Pregnancy and neonatal outcomes of aboriginal women: a systematic review and meta-analysis.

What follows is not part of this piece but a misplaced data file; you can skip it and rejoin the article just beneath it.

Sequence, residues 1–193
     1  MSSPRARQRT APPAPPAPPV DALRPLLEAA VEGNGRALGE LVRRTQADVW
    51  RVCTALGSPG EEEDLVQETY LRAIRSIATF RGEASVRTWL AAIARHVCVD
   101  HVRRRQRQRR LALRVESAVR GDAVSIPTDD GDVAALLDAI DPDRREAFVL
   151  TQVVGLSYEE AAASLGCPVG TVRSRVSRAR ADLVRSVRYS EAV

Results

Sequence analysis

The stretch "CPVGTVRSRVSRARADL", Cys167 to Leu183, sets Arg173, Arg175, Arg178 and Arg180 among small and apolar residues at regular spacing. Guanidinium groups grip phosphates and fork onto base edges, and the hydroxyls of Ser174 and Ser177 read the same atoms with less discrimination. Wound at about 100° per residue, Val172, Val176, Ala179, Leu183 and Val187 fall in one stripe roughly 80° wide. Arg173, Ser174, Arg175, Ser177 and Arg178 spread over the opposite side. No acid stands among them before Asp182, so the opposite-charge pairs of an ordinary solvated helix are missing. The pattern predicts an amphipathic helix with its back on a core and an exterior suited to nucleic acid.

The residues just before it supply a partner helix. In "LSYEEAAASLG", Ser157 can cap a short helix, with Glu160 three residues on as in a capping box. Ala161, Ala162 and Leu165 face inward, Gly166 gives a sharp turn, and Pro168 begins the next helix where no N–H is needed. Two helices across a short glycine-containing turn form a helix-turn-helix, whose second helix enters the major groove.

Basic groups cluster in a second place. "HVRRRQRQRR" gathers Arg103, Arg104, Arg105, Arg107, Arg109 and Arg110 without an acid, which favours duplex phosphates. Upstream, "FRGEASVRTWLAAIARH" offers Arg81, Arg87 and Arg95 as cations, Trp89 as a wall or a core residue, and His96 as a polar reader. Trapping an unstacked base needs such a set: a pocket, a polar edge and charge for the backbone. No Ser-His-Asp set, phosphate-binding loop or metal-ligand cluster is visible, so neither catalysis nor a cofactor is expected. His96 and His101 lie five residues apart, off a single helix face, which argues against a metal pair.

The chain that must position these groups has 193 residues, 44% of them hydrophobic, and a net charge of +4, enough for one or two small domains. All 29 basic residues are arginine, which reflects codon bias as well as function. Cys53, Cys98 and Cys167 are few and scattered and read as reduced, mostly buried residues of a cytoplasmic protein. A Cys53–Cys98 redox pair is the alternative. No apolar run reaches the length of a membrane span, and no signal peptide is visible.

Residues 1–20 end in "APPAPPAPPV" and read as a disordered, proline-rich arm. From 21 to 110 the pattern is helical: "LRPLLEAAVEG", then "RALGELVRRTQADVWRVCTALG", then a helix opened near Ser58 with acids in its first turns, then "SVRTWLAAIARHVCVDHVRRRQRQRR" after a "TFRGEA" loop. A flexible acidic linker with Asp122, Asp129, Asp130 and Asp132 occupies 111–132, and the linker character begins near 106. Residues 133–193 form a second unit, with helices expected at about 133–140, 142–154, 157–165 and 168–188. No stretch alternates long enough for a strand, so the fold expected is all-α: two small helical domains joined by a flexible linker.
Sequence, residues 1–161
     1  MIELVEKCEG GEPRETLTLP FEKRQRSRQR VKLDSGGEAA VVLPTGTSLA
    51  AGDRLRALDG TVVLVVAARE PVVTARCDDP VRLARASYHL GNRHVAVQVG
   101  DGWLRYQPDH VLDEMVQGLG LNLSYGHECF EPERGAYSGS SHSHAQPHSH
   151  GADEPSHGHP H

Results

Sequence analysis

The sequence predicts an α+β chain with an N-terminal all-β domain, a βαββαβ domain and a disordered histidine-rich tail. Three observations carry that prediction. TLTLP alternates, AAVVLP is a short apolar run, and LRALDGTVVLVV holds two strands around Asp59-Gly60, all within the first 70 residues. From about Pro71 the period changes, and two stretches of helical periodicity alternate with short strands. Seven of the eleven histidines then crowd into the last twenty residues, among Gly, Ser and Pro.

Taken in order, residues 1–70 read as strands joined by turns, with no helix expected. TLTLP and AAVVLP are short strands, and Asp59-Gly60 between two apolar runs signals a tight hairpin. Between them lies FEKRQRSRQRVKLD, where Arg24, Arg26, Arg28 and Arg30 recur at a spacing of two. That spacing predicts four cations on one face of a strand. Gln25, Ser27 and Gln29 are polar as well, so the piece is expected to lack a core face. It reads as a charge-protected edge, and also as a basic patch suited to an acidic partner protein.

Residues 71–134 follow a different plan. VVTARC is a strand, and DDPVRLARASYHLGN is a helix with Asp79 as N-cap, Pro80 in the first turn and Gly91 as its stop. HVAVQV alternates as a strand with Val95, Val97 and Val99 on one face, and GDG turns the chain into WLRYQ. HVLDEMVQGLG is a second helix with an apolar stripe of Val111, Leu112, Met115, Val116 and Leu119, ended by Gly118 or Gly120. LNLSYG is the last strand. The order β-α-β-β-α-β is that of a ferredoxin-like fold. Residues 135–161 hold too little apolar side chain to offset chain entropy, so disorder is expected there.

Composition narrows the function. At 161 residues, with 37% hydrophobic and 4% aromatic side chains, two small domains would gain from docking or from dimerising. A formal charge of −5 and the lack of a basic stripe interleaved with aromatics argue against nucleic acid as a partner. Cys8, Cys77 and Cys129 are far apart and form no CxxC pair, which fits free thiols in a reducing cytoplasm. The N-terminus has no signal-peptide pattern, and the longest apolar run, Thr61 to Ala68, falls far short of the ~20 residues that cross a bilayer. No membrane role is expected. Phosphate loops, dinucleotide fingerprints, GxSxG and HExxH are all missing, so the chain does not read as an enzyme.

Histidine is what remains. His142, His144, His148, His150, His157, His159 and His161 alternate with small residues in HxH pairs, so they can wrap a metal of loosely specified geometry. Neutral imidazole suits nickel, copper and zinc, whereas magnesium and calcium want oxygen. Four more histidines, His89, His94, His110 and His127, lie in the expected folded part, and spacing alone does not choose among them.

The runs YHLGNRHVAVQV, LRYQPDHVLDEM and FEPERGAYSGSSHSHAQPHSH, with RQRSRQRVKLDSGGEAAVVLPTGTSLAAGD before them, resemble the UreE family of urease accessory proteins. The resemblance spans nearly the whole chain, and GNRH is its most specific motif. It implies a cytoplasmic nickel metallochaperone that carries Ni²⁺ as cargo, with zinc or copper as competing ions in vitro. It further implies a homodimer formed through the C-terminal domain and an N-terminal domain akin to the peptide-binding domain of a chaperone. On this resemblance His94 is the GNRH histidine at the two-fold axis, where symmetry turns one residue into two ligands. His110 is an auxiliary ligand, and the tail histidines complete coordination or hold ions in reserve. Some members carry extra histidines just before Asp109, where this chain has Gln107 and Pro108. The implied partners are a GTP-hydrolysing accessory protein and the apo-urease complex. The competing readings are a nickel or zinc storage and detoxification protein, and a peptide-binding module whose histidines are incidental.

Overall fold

PURPOSE: inadequate prenatal care and higher incidences of higher-risk behaviors and gestational diabetes, in addition to other significant determinants of health, place aboriginal women at increased risk of adverse pregnancy outcomes. We conducted a systematic review and meta-analyses of pregnancy and neonatal outcomes among aboriginal women. METHODS: we searched Medline, Embase, and CINAHL for English-language studies reporting rates of pregnancy and neonatal outcomes among aboriginal women. Data were extracted by three reviewers in duplicate. Study quality was assessed for biases in selection, exposure assessment, confounder adjustment, analyses, outcomes assessment, and attrition. Data were synthesized using random effect model. Subgroup analyses were performed based on the country of origin of the aboriginal women. RESULTS: thirty-eight studies of low to moderate risk of biases were included. Adjustment for confounding factors was performed in eight studies. Unadjusted odds of low birth weight (LBW), preterm birth (PTB), stillbirth, neonatal and perinatal mortality were increased among infants born to aboriginal women. However, adjusted odds were only increased for PTB and stillbirths. Subgroup analyses revealed higher unadjusted odds of LBW, PTB, stillbirth, and neonatal and perinatal mortality among Australian aboriginals; PTB, macrosomia, stillbirth and neonatal and perinatal mortality among Canadian aboriginals, and PTB and neonatal mortality among American Indians and Alaskan Native women. CONCLUSION: aboriginal women are at increased risk of adverse pregnancy outcomes especially PTB; however, future studies assessing confounders adjusted estimates are needed. Differences in outcomes exist based on the country of origin of aboriginal women, reasons for which should be investigated.